In otherwords we design the math to fit the universe we live in.

We do, but then we see what else that math predicts. Most of the really crazy-non-intuitive stuff in QM has come from very unexpected consequences of the math that later proved out in experiment.

Heck, the whole crazy idea that the universe once had an additional field that certain particles couple with, preventing change in spin polarity without energy input, but then that field "condensed:, and now those same particles can spontaneously change spin - that's all just seeing where the math led. Until the Higgs Boson was found, a big chunk of electroweak theory hadn't been directly confirmed by experiment.

Comment Re:Crooks are afraid of the dark, too (Score 3, Interesting) 214 214

I used to walk home through a park. Except on cloudless nights with no moon, you got enough reflected light to be able to see quite clearly across it. Then there some some hysteria about the potential for being attacked (triggered by a flasher, who only exposed himself to people in broad daylight) and they added a row of streetlights along the side of the path. If you stood about 10m from the path, you were completely invisible to someone walking along it, but they were clearly visible to you for their entire trip across the park (as were any potential witnesses on the path). If someone actually wanted to attack people crossing the park, the lights made it a lot easier. It would only take a few seconds to hit someone and drag them out of the visible area.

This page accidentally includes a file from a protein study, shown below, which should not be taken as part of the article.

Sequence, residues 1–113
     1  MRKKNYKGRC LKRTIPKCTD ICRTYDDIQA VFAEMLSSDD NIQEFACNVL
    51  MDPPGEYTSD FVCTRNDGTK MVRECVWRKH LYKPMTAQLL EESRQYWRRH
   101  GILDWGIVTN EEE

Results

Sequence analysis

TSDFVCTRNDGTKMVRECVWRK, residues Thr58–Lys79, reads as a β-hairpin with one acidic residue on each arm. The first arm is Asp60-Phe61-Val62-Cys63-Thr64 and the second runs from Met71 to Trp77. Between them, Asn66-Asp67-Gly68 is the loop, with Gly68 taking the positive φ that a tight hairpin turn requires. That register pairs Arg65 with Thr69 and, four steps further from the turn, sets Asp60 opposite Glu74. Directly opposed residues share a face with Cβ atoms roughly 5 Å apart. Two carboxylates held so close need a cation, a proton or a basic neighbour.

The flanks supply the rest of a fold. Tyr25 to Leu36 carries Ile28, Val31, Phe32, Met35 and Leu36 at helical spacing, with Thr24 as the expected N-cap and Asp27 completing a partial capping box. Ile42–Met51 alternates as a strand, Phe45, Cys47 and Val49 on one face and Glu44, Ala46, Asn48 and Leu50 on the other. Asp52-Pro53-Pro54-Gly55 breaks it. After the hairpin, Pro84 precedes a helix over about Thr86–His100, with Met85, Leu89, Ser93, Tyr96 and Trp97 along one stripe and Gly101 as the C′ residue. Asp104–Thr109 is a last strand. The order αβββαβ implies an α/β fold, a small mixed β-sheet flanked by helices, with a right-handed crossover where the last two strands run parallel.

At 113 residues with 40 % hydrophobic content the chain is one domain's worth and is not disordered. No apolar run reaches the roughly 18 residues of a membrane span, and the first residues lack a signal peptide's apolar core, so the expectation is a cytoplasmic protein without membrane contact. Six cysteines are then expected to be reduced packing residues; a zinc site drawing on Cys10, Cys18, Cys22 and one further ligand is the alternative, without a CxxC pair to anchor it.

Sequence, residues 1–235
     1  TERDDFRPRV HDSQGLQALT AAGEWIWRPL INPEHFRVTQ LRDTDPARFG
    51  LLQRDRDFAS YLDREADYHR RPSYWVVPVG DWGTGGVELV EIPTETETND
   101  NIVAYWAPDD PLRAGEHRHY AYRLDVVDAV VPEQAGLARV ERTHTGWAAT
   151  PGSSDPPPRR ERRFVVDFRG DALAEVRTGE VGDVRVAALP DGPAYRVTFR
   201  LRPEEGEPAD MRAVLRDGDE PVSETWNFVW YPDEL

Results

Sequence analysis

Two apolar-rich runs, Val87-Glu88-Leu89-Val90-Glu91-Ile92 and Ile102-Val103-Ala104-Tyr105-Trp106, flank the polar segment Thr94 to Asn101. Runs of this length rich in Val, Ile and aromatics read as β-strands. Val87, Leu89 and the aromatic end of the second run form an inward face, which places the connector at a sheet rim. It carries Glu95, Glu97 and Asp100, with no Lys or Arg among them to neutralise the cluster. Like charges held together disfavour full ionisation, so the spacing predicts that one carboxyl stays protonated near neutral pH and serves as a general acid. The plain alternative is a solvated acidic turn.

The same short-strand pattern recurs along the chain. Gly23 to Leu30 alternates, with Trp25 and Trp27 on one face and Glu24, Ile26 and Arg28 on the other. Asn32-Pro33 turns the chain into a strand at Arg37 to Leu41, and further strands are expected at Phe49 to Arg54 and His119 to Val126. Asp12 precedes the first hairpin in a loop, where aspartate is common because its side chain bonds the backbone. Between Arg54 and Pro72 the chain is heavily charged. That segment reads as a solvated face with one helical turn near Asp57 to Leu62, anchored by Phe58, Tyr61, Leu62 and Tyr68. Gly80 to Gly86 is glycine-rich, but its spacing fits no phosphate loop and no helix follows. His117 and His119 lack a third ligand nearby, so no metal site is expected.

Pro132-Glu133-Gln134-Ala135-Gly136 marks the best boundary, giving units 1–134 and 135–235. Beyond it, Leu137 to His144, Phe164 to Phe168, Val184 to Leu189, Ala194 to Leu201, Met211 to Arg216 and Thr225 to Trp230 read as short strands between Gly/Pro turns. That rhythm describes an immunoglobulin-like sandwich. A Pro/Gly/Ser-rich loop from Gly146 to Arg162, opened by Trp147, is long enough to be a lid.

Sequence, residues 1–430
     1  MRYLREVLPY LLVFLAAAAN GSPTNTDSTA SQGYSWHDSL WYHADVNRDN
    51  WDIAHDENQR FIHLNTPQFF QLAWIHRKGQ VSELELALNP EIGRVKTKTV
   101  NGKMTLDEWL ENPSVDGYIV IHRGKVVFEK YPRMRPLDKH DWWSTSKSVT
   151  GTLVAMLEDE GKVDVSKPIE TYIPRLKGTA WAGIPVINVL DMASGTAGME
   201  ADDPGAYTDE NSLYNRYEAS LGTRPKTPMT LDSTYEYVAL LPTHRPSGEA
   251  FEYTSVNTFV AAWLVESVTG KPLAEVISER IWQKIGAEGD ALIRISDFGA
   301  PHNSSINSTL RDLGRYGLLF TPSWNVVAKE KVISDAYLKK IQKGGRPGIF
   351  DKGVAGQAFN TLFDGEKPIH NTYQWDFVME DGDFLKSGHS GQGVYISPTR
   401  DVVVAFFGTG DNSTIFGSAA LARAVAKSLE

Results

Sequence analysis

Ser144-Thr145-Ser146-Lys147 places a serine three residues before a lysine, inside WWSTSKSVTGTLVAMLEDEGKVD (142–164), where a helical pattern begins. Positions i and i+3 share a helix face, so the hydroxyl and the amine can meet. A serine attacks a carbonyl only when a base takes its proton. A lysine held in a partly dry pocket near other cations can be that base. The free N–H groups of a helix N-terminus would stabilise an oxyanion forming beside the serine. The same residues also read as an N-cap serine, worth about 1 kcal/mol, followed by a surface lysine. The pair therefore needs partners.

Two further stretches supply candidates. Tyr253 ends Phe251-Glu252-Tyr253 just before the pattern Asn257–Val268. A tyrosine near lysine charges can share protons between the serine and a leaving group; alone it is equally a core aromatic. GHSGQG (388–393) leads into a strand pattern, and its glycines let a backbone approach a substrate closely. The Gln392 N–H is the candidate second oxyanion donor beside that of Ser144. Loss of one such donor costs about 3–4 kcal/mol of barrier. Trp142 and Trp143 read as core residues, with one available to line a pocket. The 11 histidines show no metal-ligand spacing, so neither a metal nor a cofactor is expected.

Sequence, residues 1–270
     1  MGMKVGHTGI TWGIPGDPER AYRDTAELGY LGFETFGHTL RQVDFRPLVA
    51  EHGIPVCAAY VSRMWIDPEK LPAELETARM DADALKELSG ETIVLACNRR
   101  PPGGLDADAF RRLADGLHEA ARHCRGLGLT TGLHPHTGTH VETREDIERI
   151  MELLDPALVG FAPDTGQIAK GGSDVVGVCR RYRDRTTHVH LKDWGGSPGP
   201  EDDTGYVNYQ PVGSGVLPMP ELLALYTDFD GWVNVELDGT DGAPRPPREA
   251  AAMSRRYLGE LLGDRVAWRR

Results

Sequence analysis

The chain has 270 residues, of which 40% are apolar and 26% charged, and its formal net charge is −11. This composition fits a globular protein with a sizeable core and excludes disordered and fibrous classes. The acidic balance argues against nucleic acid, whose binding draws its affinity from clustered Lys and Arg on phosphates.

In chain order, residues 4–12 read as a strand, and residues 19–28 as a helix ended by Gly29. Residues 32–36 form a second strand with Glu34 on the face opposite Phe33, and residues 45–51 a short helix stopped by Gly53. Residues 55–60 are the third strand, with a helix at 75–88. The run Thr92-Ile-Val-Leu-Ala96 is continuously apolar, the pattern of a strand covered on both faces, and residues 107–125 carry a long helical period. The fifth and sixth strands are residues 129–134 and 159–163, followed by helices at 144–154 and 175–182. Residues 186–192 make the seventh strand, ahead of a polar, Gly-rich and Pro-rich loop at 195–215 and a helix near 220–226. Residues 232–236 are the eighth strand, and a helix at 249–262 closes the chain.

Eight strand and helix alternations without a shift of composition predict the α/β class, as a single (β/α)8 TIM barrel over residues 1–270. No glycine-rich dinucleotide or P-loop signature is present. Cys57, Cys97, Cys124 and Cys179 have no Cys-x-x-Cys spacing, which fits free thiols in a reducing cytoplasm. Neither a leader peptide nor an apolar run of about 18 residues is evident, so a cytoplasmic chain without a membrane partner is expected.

Comment Re:Truck Stops, Gas Stations, etc (Score 4, Interesting) 740 740

Randomly, the pump will display "please see register for receipt" upon selecting the print option. I've see it being random as the person after me (a friend), had his receipt print just fine. It's a fucking scam to lure people into the store and buy shit.

Comment Re:Streaming doesn't work (Score 1) 151 151

No, this lust for streaming is really for cloud content providers. The idea that you have a thin-client gaming console and the hardware is virtual to the player. Want to upgrade your experience with more CPU cycles and better video? Easy, make a one-time payment and add a virtual upgrade module. Or perhaps you can play different games at different "experience index levels" which really amps up the back-end hardware requirement. It's how the infrastructure gets paid for.

I don't mind the above model in some instances. Effectively, the console capability grows with the backend upgrades. But, let's not be under false understanding of what service model streaming is really for; and the consumer should be made aware of non-tangble upgrades and virtual hardware purchases.

A slow pup is a lazy dog. -- Willard Espy, "An Almanac of Words at Play"